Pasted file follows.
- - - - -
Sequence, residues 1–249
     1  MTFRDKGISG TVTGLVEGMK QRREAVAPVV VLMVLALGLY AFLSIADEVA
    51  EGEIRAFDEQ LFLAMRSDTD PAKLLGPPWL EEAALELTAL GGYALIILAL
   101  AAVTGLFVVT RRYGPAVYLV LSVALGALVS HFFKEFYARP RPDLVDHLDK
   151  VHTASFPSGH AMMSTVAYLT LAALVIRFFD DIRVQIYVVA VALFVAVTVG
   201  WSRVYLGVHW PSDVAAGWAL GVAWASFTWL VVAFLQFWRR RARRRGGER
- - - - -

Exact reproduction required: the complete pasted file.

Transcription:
Sequence, residues 1–249
     1  MTFRDKGISG TVTGLVEGMK QRREAVAPVV VLMVLALGLY AFLSIADEVA
    51  EGEIRAFDEQ LFLAMRSDTD PAKLLGPPWL EEAALELTAL GGYALIILAL
   101  AAVTGLFVVT RRYGPAVYLV LSVALGALVS HFFKEFYARP RPDLVDHLDK
   151  VHTASFPSGH AMMSTVAYLT LAALVIRFFD DIRVQIYVVA VALFVAVTVG
   201  WSRVYLGVHW PSDVAAGWAL GVAWASFTWL VVAFLQFWRR RARRRGGER